Westport project's drug trade targeted


The drug war is so ferocious in Westport Homes/Mount Winans that police have twice tried to put a rowhouse-turned-police-substation in the public-housing complex.

And twice - in 1995 and 1998 - dealers firebombed the station days before it was set to open.

This week, police are trying for a third time in the same rowhouse on Norfolk Street.

They hope to curtail a cocaine and heroin trade in the Westport Homes/Mount Winans housing project that police estimate at about $100,000 a month.

"You can't give up," said Housing Police Lt. David Adams, who will be stationed at the satellite office. "You've gotta battle. They battle, you battle."

The substation, complete with $60,000 in renovations, is set to open Friday.

Police from the Housing Authority of Baltimore City and the city Police Department will staff the substation, which is the centerpiece of an area cleanup effort this week.

After the 1995 firebomb, then-Mayor Kurt L. Schmoke held a news conference in front of the damaged building to announce that it would be refurbished in four to seven days.

Five years later, Schmoke's words may become reality.

Police swept through the area this week, locking up 23 people in the neighborhood for drug offenses. With some of the dealers off the street, the substation has a greater chance of surviving, police said.

It has new walls, windows and other improvements, and is part of a grand-scale cleanup of the Westport/Mount Winans area that will cost at least $150,000, said Zack Germroth, spokesman for the Housing Authority of Baltimore City.

As part of the cleanup, workers installed 20 bulletproof street lights taken from the site of the Hollander Ridge public-housing high-rise, which was torn down Saturday.

A team of 230 city workers and volunteers is inspecting houses, landscaping, painting and putting up $10,000 worth of security cameras. Workers are also blocking off certain streets that are "perfect little havens for drug trade," Germroth said.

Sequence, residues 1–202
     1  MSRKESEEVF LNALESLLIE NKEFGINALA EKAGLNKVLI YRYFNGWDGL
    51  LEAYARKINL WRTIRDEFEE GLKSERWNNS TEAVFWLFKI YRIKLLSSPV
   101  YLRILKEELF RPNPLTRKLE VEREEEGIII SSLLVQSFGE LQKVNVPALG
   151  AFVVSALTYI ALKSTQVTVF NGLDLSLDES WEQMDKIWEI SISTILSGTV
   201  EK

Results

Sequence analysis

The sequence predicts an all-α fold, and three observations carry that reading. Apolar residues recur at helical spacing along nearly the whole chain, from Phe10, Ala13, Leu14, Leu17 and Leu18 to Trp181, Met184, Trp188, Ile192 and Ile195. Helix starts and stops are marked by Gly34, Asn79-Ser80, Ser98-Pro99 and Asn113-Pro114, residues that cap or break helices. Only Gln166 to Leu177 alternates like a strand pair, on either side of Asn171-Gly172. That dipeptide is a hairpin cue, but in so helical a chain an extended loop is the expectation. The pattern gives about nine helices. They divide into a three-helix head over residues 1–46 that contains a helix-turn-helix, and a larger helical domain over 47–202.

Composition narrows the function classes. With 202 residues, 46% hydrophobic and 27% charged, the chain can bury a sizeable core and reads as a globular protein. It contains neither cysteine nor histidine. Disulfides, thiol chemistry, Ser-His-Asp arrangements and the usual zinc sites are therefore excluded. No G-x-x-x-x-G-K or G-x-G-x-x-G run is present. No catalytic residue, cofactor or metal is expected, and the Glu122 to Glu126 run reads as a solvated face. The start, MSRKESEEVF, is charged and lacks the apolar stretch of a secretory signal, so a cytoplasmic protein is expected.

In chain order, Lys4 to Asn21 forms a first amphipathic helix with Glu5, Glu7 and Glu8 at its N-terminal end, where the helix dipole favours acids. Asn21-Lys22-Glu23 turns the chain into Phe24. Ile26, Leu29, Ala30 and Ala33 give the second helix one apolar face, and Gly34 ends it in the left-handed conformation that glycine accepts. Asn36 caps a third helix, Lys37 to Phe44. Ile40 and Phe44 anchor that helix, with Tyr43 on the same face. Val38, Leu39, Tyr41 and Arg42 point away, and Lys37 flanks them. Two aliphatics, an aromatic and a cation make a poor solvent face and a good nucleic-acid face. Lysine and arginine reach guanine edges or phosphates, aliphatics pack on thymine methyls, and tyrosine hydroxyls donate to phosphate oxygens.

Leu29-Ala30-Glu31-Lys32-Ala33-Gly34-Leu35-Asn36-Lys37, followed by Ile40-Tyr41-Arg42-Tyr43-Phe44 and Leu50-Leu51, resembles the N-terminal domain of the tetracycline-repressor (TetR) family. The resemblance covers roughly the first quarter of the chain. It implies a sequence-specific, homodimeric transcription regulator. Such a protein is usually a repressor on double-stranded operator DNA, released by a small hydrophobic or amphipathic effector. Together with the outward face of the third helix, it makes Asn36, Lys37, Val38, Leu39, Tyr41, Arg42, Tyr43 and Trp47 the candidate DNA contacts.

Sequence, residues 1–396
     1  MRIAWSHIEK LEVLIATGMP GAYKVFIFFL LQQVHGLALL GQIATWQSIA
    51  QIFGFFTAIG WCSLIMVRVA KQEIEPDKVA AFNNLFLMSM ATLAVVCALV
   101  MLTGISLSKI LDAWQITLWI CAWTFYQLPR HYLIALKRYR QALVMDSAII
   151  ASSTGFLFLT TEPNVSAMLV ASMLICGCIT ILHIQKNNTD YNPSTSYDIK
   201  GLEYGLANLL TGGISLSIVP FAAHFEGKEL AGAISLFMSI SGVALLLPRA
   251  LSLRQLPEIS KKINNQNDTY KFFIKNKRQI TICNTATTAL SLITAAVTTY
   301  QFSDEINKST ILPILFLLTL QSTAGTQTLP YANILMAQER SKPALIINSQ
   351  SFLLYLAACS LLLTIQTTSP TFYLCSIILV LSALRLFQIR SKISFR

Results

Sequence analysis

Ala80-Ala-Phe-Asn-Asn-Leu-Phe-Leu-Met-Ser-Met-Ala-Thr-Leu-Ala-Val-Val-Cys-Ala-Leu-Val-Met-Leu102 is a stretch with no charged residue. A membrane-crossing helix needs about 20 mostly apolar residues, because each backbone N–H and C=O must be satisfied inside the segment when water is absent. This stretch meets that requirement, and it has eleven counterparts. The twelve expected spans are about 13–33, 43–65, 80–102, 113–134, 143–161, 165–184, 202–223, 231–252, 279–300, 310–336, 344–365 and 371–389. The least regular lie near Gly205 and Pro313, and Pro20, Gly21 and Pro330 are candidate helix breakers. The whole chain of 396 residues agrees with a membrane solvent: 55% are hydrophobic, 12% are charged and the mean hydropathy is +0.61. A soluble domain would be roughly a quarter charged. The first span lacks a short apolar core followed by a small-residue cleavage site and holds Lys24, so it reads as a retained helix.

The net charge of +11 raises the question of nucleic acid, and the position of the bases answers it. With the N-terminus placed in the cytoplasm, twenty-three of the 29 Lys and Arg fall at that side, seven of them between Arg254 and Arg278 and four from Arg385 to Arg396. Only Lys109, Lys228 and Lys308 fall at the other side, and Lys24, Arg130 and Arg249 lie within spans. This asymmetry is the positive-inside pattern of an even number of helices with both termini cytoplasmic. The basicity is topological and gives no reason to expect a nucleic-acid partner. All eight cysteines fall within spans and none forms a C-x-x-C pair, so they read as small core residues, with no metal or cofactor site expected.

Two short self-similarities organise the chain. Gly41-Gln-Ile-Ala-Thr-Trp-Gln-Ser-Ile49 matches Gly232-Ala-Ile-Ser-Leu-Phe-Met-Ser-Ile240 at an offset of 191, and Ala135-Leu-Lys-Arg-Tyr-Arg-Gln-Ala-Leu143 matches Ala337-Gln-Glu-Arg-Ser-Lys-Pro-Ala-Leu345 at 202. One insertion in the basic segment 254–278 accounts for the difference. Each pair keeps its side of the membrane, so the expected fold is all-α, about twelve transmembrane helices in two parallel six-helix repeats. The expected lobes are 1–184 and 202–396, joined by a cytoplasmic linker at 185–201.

There are 572 units in the public-housing development, 78 of which are vacant. The homes were built on 32.9 acres between 1942 and 1970 and have been spiraling downward since their completion.

"It's not an open-air market, but we do have a significant amount of traffic," Adams said of the area. "A lot of it is people from the county. County residents pay double. If it's a $20 rock, they pay $40."

Firebombs and other scare tactics might not have frightened police, but they have terrified residents.

"They broke in my house four times and stole over $10,000 worth of stuff. Twice in the same week," said Frances Madison, 68.

Her daughter, Marilyn Spencer, wants her to move out of the area, but she refuses, even after her plumbing got clogged Sunday and her house became soaked with raw sewage.

"You got sewage and rats running all over the place," Madison said. "I don't know how the Health Department allows us to live in these places."

She plans on staying.

"I like my independence," Madison said. "Even though it's a horrible place, it's mine."

Lula Wilson, president of Westport/Mount Winans Tenant Homes Council, said she stays because it's what she knows.

"I'm here 32 years, and it's dangerous, but I'm surrounded by people I know," she said. "It would be more dangerous if I moved somewhere I didn't know anybody. My feeling is drugs are everywhere. If you move somewhere else, they're there, too."

Wilson raised 13 children and several of her 35 grandchildren and 20 great-grandchildren in Westport. She now cares for two of her grandchildren.

"I am afraid for my grandchildren, but I do a lot of praying when I walk out the door," she said. "The newer people have a reason to be afraid."

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